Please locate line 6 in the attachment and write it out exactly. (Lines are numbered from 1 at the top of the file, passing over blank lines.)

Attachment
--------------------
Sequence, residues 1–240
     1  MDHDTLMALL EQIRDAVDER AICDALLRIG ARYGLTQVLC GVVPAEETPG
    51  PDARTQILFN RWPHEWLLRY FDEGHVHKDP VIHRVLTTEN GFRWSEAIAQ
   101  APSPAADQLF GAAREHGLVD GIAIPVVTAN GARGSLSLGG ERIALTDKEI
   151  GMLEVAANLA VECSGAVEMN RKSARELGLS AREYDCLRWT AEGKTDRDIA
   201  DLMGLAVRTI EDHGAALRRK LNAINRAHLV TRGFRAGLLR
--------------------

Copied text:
   201  DLMGLAVRTI EDHGAALRRK LNAINRAHLV TRGFRAGLLR